Gardnerville man recognized as top inventor
Digital whiz:
Silicon Valley association names Eric Anderson its Inventor of the Year

by Joey Crandall
Staff Writer

Most digital cameras on the market today include components developed in the mind of a Gardnerville man.

Eric C. Anderson, 56, was recently named the Silicon Valley Intellectual Property Law Association Inventor of the Year for his prolific patented work in the digital field.

Anderson holds 86 issued patents, 54 with FlashPoint Technology and 32 with Apple Computer.

He says that he has about 150 filed with the patent office and about 40 are still pending, while the others have not made it through the process.

To him, inventing is not a process of creating out of thin air, but rather, a problem solving activity.

"I can't invent things in vacuum," Anderson said. "I can't sit in my office and say `Let me see, what needs to be invented today?"

"I need a group working on a project, feeding me the problems. Then, I think through the answers."

Anderson and his wife of 32 years, Sandy, moved to Gardnerville three months ago to get away from the fast-paced style of life in the Silicon Valley.
While working for Apple Computers, Anderson helped develop much of the audio and video processing technology used in the initial A/V Mac computers released in 1992.

After learning of his life-long interest in cameras, his bosses at Apple asked him to rescue a project from the early days of digital camera development.

"At that point, digital cameras were mostly toys," Anderson said with a laugh. "The technology was not so hot. I basically got dragged kicking and screaming from the computer engineering department to the camera and advanced technology group."

Anderson said that Apple had been at the forefront of digital cameras, but due to budget constrictions, the company decided to get out of that business.

After that, the development project spun out to a startup company in 1996.

The new company, FlashPoint Technology, began licensing Anderson's portfolio of patents to Kodak, Hewlett Packard, Minolta, Epson, Canon, Panasonic and Nikon to create a number of cameras and photo printers.

Anderson said most of his inventions involve below-the-surface programming, like a program that allows the image to be seen on the

LCD display in the back of the camera rapidly, or the system that numbers the image files as the pictures are taken.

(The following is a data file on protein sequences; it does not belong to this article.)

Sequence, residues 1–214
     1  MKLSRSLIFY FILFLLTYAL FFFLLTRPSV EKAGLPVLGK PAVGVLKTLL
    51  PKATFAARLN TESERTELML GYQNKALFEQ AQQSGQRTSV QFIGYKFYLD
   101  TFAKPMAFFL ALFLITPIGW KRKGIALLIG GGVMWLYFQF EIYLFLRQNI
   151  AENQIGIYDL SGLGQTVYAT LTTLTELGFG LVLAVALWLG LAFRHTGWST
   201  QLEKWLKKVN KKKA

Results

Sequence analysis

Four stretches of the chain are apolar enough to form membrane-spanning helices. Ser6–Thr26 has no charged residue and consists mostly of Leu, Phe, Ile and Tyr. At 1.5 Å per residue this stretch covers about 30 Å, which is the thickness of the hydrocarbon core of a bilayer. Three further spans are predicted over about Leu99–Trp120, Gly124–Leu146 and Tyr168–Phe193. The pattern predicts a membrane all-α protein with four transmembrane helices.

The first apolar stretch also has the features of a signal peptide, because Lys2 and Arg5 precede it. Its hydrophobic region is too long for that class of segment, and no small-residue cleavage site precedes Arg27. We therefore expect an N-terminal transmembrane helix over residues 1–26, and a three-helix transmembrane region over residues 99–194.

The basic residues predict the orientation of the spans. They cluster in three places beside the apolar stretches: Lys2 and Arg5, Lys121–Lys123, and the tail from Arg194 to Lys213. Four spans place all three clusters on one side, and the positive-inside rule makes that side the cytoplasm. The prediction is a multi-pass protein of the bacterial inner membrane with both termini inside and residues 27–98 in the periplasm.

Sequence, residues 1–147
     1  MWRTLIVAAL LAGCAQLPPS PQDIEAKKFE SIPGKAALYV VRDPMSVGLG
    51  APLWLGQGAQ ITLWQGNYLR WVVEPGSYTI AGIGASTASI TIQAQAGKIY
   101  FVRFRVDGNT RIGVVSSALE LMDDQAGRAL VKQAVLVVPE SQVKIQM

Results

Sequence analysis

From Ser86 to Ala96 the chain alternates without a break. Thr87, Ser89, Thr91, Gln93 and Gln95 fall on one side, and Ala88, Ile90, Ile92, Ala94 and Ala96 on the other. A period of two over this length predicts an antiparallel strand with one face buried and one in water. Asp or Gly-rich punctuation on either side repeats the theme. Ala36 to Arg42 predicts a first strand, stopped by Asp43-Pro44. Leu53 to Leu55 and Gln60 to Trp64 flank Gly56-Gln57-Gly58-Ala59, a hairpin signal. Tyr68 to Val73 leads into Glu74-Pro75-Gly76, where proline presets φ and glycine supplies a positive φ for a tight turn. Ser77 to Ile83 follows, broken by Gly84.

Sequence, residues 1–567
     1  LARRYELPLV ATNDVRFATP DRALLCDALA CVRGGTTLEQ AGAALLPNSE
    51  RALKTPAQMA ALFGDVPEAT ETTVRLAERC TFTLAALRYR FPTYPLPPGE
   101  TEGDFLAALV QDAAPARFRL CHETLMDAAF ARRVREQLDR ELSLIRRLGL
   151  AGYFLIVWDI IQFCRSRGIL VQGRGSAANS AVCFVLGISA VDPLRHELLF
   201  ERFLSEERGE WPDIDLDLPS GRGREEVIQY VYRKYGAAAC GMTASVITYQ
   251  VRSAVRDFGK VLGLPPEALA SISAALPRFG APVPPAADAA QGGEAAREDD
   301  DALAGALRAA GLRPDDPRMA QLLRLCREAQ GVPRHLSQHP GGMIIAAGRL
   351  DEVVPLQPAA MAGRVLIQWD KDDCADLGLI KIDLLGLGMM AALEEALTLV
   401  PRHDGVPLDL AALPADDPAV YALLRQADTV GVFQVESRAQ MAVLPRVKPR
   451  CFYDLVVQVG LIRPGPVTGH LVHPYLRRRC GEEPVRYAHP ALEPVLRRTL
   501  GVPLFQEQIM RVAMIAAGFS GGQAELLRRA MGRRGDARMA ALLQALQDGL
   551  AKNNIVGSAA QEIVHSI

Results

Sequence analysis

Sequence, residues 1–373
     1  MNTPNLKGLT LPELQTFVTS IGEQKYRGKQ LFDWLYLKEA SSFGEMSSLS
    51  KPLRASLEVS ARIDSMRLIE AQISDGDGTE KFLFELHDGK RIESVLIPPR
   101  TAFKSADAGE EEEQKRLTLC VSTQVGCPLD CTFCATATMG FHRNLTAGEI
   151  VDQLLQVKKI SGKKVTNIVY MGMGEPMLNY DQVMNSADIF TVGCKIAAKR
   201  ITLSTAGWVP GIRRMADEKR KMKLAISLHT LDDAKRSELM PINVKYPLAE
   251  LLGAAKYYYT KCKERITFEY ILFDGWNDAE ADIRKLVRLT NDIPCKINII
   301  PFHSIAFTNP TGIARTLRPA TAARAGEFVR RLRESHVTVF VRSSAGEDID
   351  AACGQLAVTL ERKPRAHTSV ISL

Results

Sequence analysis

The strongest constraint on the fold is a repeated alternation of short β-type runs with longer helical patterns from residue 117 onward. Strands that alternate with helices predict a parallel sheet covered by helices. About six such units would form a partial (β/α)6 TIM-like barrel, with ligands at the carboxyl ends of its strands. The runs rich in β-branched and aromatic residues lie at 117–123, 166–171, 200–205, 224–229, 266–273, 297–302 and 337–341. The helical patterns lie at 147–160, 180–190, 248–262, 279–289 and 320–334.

He said that the most significant technology he developed will not be implemented for several more years.

The technology allows the digital camera to be used as a piece of software, rather than hardware.

In the coming years, a business, like a newspaper, will be able to use its Web site to send messages to the camera, directing the photographer to take certain pictures.

In return, the photographer would be able to instantly send the images from the shooting location to the Web site server, where the editor of the paper can review the pictures before the photographer leaves the location.

Along with his work with digital cameras, Anderson has also been developing technologies to assist in electronic learning, or education courses taught over cable or Internet lines.

Anderson said his inventing
process usually starts with being presented with a problem.

He said he then goes into his office to pray about the problem and think it over. He then sleeps on it and waits for the answer to come to him.

"Prayer has been a really large part of my invention process," he said. "My view is that God is the greatest inventor of all, so I know that he knows the answers to all the engineering problems.

"Prayer works, not just for invention but in any area," he said. "A lot of inventions you kind of develop in your mind over time, but other ones come out of the blue, and that is really God giving me some ideas."

Anderson met his wife while photographing a wedding in Boston when he was a graduate student at MIT.

"It just seems like every day he walks out of that office and says, `Well, today I found a new way to do...' whatever, just fill in the blank," she said.

Anderson said he has been interested in photography and electronics since he was in high school.

But, he said, he prefers using his 35mm camera to his digital camera for taking panoramic portraiture around the country. He only uses his digital camera for family shots.

Anderson now runs his company, Anderson Creations, from his home in Gardnerville. He helps companies write patents, build Web sites and develop various technologies.

His photography can be viewed on his Web site at

Joey Crandall can be e-mailed at jcrandall© or reached at 775-782-5121, ext. 212.


Digital revolutionary: Eric Anderson holds a digital camera and talks about some of the inventions that he developed for the camera, which helped earn him recognition as Inventor of the Year.















Originator: Eric Anderson shows his Web site and some panoramic photographs he has put together.







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